To the editor:
West Newbury’s trails and open spaces are the envy of surrounding towns, both because we have miles of trails on town land, and because of the many landowners who have preserved hundreds of acres of open space through trail easements, conservation and agricultural restrictions and gifts of land to nonprofit land trusts like Greenbelt.
At Town Meeting, April 28, West Newbury voters have an opportunity to help Greenbelt preserve 23 acres by authorizing $25,000 from community Preservation Act (CPA) open space funds to purchase a conservation restriction (CR) on the Atherton property. The town’s acquisition of the CR would help Greenbelt raise the funds needed for Greenbelt’s purchase of the land from the Atherton family.
The argument has been made that 21 of the 23 acres are already protected with a CR and trail easement, and that the 2 acres left unrestricted by the Athertons for a future building lot on Pikes Bridge Road would prove too costly to access.
While it’s true that 21 acres are protected (though still privately owned by the Atherton family), due diligence conducted by Greenbelt supports the feasibility of developing the unrestricted acres. Greenbelt consulted local attorney Don Greenough, who determined that because the town did not formally abandon Pikes Bridge Road, “… the traffic restriction (on Pikes Bridge Road) should not affect the ability to develop the Atherton lot.”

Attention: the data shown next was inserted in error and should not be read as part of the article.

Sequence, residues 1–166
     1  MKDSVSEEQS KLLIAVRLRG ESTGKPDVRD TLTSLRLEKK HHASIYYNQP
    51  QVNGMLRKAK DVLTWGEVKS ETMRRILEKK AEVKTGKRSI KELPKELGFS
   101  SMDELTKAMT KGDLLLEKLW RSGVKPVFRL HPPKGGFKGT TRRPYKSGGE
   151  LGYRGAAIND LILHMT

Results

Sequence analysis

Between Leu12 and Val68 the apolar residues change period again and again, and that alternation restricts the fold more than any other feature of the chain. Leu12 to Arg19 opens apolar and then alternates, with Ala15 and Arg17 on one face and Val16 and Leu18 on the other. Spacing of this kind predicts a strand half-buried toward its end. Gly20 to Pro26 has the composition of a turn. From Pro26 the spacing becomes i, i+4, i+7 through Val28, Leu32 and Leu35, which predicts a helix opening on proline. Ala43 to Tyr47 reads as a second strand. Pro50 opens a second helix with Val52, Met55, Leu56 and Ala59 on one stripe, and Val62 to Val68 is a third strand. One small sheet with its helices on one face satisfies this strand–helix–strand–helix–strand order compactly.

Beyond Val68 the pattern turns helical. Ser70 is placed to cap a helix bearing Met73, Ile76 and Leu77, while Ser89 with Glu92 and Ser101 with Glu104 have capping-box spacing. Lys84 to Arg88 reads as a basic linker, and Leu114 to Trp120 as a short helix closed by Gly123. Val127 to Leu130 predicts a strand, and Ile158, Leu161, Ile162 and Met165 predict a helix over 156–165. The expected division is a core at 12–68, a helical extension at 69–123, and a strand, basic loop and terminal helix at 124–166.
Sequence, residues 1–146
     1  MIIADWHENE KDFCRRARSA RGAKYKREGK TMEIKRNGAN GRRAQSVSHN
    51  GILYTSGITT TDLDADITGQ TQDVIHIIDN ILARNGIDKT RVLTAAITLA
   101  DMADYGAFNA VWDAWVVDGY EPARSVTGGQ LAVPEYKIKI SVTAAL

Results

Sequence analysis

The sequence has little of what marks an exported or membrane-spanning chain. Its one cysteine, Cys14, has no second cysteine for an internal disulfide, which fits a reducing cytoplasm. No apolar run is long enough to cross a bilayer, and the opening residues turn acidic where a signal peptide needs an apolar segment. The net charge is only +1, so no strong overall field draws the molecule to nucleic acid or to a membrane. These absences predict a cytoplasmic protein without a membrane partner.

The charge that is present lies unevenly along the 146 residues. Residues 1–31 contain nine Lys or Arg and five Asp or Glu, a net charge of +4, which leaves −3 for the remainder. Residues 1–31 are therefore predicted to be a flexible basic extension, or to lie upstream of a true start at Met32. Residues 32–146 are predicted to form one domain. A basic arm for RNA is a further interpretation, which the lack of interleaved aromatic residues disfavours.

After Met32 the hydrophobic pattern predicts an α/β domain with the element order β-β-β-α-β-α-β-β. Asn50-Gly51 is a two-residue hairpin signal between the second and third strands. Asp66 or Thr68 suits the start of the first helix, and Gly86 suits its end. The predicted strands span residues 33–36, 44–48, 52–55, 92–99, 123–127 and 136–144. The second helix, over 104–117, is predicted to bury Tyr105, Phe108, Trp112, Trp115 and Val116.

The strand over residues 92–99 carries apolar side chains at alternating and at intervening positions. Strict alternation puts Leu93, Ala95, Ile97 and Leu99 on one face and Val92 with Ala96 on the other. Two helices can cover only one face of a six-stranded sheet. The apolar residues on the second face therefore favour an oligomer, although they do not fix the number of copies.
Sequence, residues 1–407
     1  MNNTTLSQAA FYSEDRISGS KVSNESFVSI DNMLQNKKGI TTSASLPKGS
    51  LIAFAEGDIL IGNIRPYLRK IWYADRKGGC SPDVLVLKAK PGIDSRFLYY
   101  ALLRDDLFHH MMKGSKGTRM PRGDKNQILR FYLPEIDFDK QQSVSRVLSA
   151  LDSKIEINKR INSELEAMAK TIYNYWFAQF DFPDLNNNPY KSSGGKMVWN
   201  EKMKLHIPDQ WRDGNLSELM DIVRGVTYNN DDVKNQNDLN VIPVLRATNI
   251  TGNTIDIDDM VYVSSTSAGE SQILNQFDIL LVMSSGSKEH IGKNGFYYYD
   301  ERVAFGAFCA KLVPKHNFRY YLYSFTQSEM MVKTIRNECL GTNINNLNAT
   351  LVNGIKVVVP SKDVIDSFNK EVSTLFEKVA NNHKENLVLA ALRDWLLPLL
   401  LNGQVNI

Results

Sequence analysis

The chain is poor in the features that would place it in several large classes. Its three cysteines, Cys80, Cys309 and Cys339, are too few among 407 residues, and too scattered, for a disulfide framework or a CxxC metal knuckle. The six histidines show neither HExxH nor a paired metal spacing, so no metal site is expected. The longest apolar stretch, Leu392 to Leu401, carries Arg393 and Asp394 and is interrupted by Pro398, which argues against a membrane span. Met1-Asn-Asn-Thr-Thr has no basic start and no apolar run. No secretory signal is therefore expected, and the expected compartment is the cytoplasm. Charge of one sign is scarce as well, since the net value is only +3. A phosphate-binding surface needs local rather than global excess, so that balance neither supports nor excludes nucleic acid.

Greenbelt also hired an experienced, independent appraiser, whose analysis required verifying the feasibility of accessing the house lot. He determined that building a house was not only feasible, but made economic sense. His final valuation of the 23 acres, $265,000, was the value after deducting the cost of paving Pikes Bridge Road from Garden Street to the house lot.
Greenbelt’s proposed purchase of the 23-acre Atherton property, with its Atherton Connector Trail linking Indian Hill Street to Pikes Bridge Road, will complete another strand of West Newbury’s own emerald necklace: protected lands and public trails that link the hill, ponds, and streams all across town, and provide great opportunities for walking, riding and other passive recreation.